According to the American Cancer Society, there were about 12,990 new cases of cervical cancer, with about 4,120 women passing away. The general public should strengthen their knowledge about cervical cancer to prevent it.
Early diagnosis of cervical cancer
Experts recommend that women follow the principles to diagnose cervical cancer as early as possible. The following methods can detect pre-cancer lesions in advance and prevent cervical cancer.
Women should be screened for cervical smear from the age of 21. Papanicolaou test (pap test) every 3 years. If the results are abnormal, human papillomavirus can be diagnosed early.
In women with total uterine resectomy, there is no need for a pap screening, unless the removal is due to cancer treatment. Women who have removed the uterus without removing the cervix should still be screened regularly.
Women after the age of 30 should undergo a Pap smear test every 5 years, as well as a HPV test, which should continue until the age of 65.
Women over 65 years of age can stop pap screening if they have undergone regular check-ups in the last 10 years and have no signs of serious pre-cancer lesions in the last 20 years. If CIN2 or CIN3 has been screened, it should be screened regularly for at least 20 years after discovery.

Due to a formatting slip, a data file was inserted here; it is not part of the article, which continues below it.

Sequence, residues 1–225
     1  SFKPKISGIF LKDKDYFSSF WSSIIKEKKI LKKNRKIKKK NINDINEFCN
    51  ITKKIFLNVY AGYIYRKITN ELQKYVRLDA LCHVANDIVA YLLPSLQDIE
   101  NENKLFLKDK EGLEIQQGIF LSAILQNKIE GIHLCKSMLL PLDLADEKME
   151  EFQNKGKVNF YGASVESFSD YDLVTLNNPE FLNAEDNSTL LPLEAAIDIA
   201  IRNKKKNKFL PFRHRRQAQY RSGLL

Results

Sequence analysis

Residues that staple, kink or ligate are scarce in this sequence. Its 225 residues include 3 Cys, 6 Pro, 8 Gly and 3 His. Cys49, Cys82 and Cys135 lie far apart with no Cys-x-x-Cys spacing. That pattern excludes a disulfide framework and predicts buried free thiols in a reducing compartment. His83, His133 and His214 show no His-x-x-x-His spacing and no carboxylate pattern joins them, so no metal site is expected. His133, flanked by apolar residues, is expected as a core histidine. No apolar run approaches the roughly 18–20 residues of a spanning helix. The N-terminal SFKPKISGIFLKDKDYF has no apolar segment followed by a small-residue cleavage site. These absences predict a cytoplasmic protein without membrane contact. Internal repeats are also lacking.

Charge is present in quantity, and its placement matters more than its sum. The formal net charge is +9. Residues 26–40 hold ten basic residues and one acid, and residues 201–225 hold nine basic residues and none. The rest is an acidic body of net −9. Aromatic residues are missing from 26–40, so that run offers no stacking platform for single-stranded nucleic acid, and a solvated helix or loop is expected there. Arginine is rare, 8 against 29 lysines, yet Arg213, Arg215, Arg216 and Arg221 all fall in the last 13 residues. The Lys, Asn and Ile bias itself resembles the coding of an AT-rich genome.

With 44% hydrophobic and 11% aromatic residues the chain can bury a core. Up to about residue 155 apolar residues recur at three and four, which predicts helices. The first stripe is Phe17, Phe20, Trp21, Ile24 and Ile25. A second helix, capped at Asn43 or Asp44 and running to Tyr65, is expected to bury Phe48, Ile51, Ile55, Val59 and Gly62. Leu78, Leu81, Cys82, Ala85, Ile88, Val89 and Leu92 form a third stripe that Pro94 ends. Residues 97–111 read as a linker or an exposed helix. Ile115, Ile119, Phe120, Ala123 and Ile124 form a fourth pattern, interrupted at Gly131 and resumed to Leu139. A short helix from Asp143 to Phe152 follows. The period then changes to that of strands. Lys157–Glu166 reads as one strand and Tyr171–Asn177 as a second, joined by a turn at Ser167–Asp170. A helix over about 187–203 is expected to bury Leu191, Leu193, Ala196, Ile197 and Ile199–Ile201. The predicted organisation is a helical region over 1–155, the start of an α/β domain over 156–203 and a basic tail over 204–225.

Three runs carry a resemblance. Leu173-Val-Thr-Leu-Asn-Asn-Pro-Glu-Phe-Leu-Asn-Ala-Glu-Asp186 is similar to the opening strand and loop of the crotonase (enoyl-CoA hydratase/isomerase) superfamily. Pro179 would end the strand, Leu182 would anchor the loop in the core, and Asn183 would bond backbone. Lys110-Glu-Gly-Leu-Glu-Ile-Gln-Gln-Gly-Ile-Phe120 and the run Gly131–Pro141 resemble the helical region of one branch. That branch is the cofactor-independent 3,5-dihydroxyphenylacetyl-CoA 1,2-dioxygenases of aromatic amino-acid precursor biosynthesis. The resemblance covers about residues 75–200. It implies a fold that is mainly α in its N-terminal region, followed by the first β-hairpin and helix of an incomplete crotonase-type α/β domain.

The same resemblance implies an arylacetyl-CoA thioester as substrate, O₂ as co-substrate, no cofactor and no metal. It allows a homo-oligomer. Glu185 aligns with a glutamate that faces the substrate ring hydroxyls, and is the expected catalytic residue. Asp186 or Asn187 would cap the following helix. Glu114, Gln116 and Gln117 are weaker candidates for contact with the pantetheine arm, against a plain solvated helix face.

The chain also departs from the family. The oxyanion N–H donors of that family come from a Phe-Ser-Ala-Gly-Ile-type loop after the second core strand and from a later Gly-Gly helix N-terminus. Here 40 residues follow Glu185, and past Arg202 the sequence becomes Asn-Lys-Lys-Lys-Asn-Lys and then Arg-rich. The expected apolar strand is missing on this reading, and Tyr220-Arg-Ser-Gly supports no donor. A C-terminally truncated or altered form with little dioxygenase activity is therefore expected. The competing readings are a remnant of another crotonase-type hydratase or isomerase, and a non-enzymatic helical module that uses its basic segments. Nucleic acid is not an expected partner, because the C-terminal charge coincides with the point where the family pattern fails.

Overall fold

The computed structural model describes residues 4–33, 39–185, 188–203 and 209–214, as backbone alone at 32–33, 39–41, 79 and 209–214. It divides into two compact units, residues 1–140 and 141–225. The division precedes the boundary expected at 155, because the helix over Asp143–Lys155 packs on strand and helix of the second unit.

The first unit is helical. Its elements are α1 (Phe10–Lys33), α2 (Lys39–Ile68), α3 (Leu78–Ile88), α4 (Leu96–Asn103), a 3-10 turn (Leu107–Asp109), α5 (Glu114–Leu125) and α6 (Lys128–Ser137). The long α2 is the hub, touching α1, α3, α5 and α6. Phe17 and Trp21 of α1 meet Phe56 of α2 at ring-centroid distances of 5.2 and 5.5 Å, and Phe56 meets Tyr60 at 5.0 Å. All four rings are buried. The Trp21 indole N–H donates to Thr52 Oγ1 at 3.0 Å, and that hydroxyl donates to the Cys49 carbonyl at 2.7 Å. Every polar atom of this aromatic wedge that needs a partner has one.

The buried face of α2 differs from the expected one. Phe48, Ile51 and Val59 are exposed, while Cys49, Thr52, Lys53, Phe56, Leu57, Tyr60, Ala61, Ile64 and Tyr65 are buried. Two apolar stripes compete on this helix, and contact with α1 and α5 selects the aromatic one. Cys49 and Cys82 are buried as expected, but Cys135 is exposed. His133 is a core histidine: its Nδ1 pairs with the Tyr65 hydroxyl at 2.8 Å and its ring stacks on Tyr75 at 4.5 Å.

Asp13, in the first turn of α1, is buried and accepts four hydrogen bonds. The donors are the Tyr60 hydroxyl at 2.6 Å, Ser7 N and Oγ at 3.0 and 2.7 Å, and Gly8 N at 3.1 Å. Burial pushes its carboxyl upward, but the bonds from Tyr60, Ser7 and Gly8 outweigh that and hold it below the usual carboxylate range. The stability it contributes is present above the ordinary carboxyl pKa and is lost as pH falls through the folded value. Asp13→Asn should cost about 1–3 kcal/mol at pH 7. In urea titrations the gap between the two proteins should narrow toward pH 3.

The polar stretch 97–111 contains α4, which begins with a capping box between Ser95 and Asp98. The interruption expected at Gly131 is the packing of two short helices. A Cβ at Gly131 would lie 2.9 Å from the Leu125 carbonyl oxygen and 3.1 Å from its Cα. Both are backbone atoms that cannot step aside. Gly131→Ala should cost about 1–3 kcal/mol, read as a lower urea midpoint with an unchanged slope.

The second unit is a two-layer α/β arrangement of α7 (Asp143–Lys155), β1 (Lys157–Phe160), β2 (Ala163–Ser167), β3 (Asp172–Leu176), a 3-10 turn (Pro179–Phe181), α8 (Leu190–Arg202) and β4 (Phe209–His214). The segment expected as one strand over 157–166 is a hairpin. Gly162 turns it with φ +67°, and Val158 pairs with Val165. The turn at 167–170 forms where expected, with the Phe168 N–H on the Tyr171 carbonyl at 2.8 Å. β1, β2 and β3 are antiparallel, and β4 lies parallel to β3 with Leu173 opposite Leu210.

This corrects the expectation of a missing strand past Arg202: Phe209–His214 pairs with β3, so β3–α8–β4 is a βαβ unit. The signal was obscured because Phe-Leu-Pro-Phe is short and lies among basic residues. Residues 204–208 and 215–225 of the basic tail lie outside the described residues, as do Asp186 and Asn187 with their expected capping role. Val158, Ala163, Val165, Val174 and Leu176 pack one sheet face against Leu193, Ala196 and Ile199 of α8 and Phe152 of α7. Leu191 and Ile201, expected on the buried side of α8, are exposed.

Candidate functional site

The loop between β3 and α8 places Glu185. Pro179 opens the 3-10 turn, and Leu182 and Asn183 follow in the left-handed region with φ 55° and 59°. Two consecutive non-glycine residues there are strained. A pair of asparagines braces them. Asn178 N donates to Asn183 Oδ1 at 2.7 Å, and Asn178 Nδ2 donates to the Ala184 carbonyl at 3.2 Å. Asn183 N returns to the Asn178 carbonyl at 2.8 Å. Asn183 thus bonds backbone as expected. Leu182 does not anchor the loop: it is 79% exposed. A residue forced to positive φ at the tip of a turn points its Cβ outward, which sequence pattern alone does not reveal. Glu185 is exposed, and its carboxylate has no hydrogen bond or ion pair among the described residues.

For women aged 30 to 65, Pap smear tests are also available every 3 years.
Women who are at high risk of cervical cancer due to the inhibition of Diethylstilbestrol (DES) of the uterine immune system need to be screened more frequently and comply with the The doctor’s instructions.
Women who have given the HPV vaccine should still comply with the above instructions.
Cervical papanicolaou test
Cervical papanicolaou test can prevent cervical cancer and increase the chances of successful treatment. Regular screening can also identify abnormal cervical cells and treat them before the lesion. Treatment is not difficult if cervical cancer is detected early. In the United States, deaths from cervical cancer have declined by more than 50 per cent over the past 30 years, largely thanks to the Pap smear test.
Among women who do not have regular screening habits, cervical cancer has a high mortality rate and is one of the most vulnerable cancers in developing countries and is usually diagnosed at an advanced stage. Apart from the fatality rate, cervical cancer is one of the most easily curable cancers. As long as early diagnosis and treatment, there is no need to be afraid of cervical cancer.